Take the 2-minute tour ×
Stack Overflow is a question and answer site for professional and enthusiast programmers. It's 100% free, no registration required.

I red the Apple documentation about UIBackgroundModes and here is what it says :

When this key is present, the system’s audio frameworks automatically prevent your application from being suspended when it moves to the background. As long as it is playing audio, the application continues to run in the background to support that audio.

However I have an app that plays an audio stream using the AVPlayer class, and it doesn't work with it. This key is suppose to be there to save us the work of implementing an Audio Session explicitely. Can anyone tell me why this is not working then ? Did anyone used it and made this work ?

share|improve this question

2 Answers 2

Try doing the following before playing your audio:

NSError *sessionError = nil;
AVAudioSession *session = [AVAudioSession sharedInstance];
[session setCategory:AVAudioSessionCategoryPlayback error:&sessionError];
share|improve this answer

Make sure the code for AVPlayer is actually running. In my case, even though I enabled the key for Core Location, if I don't actually use in the code by calling start, the app is suspended, as if no key was defined. For this reason, I usually don't stop Core Location but simply let it use the least accurate option to preserve device power, yet continue to use background running mode.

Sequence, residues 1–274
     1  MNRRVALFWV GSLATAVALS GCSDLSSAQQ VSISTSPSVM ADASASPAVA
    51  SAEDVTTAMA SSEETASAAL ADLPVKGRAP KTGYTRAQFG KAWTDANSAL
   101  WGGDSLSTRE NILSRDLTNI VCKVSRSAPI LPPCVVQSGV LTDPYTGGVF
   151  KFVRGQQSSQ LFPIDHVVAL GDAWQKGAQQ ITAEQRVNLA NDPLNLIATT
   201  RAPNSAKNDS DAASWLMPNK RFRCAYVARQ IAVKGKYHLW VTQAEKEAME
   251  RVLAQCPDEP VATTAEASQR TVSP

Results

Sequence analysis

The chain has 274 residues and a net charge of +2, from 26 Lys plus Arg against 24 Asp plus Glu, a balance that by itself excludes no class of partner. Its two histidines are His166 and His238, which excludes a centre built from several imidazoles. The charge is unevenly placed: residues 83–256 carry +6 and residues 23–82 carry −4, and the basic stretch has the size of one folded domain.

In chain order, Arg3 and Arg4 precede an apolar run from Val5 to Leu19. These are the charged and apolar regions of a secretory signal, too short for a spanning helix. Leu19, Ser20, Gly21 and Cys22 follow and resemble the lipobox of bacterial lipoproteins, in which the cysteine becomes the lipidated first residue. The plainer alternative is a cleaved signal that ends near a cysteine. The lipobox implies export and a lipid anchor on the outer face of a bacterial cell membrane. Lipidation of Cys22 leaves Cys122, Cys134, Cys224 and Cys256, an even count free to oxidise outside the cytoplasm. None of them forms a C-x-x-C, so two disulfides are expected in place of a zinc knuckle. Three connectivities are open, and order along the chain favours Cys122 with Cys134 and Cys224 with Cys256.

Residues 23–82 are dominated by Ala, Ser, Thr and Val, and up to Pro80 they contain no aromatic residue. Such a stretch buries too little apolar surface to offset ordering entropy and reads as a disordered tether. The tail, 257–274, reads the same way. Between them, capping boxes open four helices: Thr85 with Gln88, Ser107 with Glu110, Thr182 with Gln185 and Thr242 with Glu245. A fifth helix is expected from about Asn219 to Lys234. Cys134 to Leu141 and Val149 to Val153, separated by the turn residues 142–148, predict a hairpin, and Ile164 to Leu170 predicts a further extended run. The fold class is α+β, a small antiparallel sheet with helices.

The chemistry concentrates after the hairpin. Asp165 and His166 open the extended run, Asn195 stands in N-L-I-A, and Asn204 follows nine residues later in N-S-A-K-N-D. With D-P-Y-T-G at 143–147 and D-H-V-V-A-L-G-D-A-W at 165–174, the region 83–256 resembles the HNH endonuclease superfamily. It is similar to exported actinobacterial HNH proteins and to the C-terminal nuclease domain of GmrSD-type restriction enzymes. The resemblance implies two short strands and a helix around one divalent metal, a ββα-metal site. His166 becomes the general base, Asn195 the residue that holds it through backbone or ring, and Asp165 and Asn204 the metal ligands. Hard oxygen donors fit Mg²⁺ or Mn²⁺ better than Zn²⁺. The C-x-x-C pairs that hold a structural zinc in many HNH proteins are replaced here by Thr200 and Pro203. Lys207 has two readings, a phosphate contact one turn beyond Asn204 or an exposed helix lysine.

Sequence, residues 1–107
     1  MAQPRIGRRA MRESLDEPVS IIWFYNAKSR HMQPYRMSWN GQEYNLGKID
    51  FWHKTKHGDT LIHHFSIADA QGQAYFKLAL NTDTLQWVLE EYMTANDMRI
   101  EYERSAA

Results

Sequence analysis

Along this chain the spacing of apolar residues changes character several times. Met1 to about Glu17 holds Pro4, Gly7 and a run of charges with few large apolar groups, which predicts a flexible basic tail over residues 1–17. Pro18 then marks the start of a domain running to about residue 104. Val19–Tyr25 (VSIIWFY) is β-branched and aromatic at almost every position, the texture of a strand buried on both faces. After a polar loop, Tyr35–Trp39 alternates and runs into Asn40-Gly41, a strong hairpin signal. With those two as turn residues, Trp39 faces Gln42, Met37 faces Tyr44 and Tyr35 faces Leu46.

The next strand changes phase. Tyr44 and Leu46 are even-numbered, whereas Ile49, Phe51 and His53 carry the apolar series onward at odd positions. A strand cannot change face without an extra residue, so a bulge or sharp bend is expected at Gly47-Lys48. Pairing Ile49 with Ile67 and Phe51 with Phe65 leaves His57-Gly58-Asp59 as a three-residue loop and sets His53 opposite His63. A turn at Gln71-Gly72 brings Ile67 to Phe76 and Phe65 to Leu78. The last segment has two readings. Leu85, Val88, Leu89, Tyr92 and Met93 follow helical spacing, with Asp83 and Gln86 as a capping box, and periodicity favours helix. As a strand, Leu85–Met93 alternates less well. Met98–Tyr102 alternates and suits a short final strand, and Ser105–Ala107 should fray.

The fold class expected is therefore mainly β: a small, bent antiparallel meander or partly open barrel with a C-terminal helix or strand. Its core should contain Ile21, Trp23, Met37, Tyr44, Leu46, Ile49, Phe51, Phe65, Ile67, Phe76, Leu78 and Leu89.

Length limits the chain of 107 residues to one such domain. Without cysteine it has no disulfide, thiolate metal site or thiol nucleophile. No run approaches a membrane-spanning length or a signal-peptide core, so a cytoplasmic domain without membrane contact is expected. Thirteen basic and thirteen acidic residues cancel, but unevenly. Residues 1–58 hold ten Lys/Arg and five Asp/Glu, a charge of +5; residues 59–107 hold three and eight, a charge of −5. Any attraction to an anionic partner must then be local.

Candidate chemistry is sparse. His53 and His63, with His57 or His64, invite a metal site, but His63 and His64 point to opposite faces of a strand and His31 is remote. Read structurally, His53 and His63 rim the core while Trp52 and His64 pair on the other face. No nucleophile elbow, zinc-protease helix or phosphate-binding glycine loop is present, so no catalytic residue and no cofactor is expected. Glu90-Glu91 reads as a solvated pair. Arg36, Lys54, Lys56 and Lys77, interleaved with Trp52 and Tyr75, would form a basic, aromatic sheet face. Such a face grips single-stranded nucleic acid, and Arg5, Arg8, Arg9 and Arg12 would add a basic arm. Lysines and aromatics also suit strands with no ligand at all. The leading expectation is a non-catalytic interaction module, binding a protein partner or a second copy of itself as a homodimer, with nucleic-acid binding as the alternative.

share|improve this answer
    
In AVPlayer, I never call the pause method, therefore it shouldn't stop. It is playing as the app goes to background mode. I guess I'll just have to implement Audio Session. But still, this doc isn't telling the truth. –  ultraman69 Feb 21 '11 at 12:15
    
Also, make sure your AVPlayer object is not allocated in an UIViewController instance. Since this view may will be unloaded when the app is going background, your AVPlayer may be unloaded and deallocated with the UIViewController instance. This happens even if the app allowed to run in background. In my case, I practiced strong separation between objects to be loaded and unloaded dynamically, and the objects that should be running constantly throughout. I don't know how your app is structured, but I hope this hint can be helpful –  petershine Feb 21 '11 at 15:33
    
As a matter of fact, it is implemented in the view. I don't know where and how I should implement it then... since it's my view that starts the player. Should I put it in the app delegate ? –  ultraman69 Feb 22 '11 at 19:10
    
Yes, make an instance of a class inside UIApplicationDelegate as a property, which can work as a controller object for your AVPlayer related activities. This instance can be accessed from UIViewController instances using [[[UIApplication sharedApplication] delegate] avplayerController] (if you named your controller as avplayerController) And let your UIViewController instances simply communicate with this controller object through above mentioned selector. To receive message from this controller object, use delegation or notification. –  petershine Feb 23 '11 at 10:42
    
I moved my AVPlayer instance to the AppDelegate and put it in a property as suggested. Managed to make it work, but still, it won't play in the background... There's no release or dealoc code in the ViewController, everything is in the AppDelegate now. –  ultraman69 Feb 28 '11 at 4:51

Your Answer

 
discard

By posting your answer, you agree to the privacy policy and terms of service.

Not the answer you're looking for? Browse other questions tagged or ask your own question.